Laws exist to foster safety and justice within society, yet some laws have gone too far and become too eccentric. Governments have passed laws which, upon further reflection, seem ridiculous in real-world application. We will look at some of the funniest, bizarrest, and ridiculous statutes from multiple US states in this article.
1. South Dakota Does Not Allow Sleepover in Cheese Production Facilities
South Dakota may boast an expansive dairy industry, yet sleeping inside any cheese factories there is strictly illegal. According to South Dakota Codified Law 22-18-20 it is an offense for anyone sleeping or being present within any cheese factory between 6 PM and 6 AM if that facility houses cheese production lines.
The law seeks to prevent workers from injuring themselves when sleeping while on the job; however, its requirements seem far too specific for protecting only cheese factories during specified hours of the day.
2. Arizona No Hunt Camel Hunts Allowed
Arizona was one of the premier states for camel hunting during its early 1900s glory days; but times have since changed drastically. Under Arizona Revised Statute (17-309) it is illegal to hunt camels; yet considering there have been no wild camels since 1800s in Arizona this law seems outdated and mostly useless.
Law can often seem outdated; yet it remains on the books as repeal or amendment can only occur through legislative processes which can often prove cumbersome and lengthy.
3. Michigan law does not permit car sales on Sunday.
Under Michigan law, any car dealer that engages in sales on Sunday is illegal. Although some have expressed complaints to Michigan lawmakers regarding this ban on Sunday sales for car dealers' merchants, few people dispute its usefulness or necessity.
Michigan's late-1800s Blue Laws prohibited commercial activities on Sundays due to them being considered holy days; though these regulations eventually became outdated and were no longer upheld formally; car sales sales restrictions, for instance, never received official appeal.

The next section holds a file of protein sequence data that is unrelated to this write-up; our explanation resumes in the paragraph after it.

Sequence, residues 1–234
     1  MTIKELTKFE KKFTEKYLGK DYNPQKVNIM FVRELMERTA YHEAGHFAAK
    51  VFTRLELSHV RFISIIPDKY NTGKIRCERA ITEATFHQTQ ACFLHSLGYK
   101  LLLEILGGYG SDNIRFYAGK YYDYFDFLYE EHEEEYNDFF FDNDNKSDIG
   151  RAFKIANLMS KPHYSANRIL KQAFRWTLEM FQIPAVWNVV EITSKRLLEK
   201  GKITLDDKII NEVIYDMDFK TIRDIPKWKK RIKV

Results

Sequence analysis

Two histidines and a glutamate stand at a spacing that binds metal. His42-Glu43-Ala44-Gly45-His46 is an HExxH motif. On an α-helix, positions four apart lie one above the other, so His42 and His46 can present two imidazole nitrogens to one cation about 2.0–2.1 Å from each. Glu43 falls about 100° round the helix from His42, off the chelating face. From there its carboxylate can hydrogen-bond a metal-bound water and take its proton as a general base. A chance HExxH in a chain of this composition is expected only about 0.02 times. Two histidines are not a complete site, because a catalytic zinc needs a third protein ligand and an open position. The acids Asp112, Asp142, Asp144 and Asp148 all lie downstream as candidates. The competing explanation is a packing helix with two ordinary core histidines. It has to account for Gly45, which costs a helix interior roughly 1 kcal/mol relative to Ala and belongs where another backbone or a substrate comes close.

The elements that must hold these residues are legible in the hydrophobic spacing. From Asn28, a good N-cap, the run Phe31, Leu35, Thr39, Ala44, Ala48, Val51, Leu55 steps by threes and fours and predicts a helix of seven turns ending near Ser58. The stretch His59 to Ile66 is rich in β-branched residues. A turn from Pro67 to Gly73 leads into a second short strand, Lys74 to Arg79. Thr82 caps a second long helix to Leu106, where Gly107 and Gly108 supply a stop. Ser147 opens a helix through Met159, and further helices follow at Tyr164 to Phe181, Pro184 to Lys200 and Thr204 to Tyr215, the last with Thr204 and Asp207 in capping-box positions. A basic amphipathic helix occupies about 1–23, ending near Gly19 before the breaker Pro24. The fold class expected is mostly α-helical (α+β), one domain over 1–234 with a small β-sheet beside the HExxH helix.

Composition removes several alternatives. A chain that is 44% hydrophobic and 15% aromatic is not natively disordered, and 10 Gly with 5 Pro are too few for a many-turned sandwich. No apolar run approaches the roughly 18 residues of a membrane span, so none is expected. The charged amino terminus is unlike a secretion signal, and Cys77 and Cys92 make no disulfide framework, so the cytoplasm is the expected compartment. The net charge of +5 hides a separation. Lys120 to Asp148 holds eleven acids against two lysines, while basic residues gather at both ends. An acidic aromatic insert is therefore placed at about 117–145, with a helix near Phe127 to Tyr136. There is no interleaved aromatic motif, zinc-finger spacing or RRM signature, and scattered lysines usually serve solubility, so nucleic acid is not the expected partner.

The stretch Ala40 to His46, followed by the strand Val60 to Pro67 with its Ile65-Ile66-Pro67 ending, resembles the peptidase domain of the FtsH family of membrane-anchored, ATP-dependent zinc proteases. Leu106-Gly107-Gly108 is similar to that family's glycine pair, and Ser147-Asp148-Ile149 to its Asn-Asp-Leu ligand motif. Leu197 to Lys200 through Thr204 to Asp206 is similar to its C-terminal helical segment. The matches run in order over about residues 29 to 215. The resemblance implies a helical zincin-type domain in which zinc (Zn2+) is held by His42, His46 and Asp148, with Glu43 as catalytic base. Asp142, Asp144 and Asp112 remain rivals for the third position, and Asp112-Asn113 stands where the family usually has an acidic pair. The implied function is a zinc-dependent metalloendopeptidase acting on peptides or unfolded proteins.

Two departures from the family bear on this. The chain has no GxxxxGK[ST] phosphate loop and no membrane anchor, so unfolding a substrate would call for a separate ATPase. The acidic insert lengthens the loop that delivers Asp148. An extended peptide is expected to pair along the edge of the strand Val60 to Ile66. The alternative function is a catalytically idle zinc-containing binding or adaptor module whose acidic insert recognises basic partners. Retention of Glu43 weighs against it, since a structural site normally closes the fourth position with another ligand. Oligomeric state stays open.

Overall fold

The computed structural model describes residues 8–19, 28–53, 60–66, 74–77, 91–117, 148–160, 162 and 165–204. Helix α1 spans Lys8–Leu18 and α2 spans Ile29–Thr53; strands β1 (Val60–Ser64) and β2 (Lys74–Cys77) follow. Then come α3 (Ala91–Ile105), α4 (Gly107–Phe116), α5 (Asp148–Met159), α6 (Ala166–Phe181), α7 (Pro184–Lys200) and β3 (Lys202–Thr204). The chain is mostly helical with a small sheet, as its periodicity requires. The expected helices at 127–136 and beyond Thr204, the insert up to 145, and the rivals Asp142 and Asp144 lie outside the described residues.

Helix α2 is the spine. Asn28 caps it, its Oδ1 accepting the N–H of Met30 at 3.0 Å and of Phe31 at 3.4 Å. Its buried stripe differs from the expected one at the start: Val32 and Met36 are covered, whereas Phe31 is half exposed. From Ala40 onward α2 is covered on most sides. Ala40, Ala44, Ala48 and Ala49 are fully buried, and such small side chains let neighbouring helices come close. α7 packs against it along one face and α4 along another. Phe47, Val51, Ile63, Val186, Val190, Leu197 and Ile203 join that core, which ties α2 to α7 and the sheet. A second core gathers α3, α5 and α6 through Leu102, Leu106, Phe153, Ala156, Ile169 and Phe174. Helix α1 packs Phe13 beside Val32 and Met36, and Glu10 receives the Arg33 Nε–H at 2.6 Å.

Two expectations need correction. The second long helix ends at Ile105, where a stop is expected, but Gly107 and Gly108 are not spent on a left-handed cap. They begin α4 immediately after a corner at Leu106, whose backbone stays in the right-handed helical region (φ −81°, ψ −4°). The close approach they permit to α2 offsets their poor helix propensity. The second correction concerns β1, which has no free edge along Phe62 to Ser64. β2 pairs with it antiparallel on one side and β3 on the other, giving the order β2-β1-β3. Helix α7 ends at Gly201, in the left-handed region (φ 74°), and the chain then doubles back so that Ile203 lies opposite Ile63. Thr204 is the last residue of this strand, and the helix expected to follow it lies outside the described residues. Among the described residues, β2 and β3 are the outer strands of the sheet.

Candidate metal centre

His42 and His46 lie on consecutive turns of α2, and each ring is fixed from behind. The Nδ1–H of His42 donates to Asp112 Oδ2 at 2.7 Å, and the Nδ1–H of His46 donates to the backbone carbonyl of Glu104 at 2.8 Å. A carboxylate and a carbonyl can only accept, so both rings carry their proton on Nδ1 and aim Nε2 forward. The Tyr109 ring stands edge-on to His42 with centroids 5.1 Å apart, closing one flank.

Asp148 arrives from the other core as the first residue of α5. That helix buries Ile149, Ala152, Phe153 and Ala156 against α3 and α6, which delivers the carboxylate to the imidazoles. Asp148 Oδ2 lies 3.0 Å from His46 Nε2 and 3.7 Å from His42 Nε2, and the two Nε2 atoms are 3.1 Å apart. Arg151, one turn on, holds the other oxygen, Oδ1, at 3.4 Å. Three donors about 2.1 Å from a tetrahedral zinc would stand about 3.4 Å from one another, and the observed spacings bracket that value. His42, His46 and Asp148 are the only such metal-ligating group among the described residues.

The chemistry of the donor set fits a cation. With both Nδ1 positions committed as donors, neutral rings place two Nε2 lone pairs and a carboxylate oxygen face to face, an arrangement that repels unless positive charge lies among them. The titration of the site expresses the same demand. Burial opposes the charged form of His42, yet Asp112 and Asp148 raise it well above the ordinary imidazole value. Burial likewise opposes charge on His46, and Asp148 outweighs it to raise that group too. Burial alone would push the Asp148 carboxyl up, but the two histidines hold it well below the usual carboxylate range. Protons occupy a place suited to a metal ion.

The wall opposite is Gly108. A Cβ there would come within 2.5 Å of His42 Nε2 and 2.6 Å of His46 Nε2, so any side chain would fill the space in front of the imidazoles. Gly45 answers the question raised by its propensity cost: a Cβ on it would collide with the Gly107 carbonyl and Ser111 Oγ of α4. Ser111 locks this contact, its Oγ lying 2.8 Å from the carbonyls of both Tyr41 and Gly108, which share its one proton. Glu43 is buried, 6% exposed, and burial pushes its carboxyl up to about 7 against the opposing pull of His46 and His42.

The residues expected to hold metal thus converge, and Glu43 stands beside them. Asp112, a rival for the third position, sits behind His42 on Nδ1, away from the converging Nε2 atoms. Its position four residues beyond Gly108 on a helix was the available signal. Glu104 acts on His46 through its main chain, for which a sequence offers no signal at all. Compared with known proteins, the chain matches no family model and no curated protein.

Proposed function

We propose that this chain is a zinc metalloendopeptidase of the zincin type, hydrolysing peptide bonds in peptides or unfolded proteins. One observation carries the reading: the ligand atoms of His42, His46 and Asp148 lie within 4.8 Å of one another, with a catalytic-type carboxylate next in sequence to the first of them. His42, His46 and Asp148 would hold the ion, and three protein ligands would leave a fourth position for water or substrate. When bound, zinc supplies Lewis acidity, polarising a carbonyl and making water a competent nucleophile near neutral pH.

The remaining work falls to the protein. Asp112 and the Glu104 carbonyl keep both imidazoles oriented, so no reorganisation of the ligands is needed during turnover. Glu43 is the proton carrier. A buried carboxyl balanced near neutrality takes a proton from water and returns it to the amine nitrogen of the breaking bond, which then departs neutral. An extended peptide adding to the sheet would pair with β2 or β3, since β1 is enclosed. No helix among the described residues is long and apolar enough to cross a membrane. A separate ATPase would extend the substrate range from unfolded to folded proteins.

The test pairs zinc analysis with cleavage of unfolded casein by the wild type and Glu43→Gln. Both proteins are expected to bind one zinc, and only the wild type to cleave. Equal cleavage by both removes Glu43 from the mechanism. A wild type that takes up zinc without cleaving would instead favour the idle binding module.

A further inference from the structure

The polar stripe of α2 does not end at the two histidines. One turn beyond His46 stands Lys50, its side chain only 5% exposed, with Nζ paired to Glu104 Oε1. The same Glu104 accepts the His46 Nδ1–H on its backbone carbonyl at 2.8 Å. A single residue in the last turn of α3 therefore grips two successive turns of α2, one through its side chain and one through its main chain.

4. No singing off-key is allowed in North Carolina
North Carolina law makes it illegal to sing off-key in public spaces. While its implementation and prosecution remain unknown, perhaps this law was written so as to eliminate an excuse to create disturbance in its public spaces.
5. Fishing While Drunk in Kansas
Kansas passed a law in 1895 limiting fishing to only sober individuals, according to authorities' perceptions, fishing while under the influence is dangerous and could potentially result in dangerous incidents. Unfortunately, given it is nearly impossible to assess an individual's blood alcohol levels without testing, enforcement of this law remains impractical.
Kansas Statutes define it as illegal to engage in any "sporting activity", including fishing while under the influence of alcohol or any drug. Violating this law could incur fines or even short-term prison sentences for violators.
6. Hunting of Whales in Oklahoma Prohibited
Oklahoma, located in the center of America has passed some strange laws; none top those prohibiting whale hunting and possession of whale parts anywhere within Oklahoma's boundaries. Hunting or possessing them illegal!
This law may have originated at a time when America had an active commercial whaling industry and may serve as a preventative measure today, since enforcement will likely prove futile.
7. No swearing allowed in Georgia public places
Georgia laws forbid "cursing or making offensive gestures in any public place in Georgia", leading to legal proceedings and up to $1000 fine for such behaviors.
Swearing around children is considered an offense with stiffer penalties due to its contribution to juvenile delinquency. Though enforcement may prove challenging, its goal remains clear - discouraging offensive language while upholding moral standards in society as whole.
Laws play an essential role in safeguarding citizens' welfare and upholding civilized societies, yet some laws appear strange or lack practical application due to being outdated or not being enforced properly. Here are just a few bizarre or absurd statutes found across America; more can be found online.
Although legislation exists to deter dangerous or unlawful behaviors, other laws can lack an apparent reason or justification and be open for discussion as to their applicability and appropriateness. Legislators' intentions may have been good; nevertheless laws which make no logical sense at present detract from its integrity overall.
Finally, while many absurd laws provide good fodder for humor or entertainment purposes, we must also ensure our legal system functions effectively and appropriately. States should regularly review existing legislation and take serious consideration into amending or repealing those that no longer serve a practical purpose.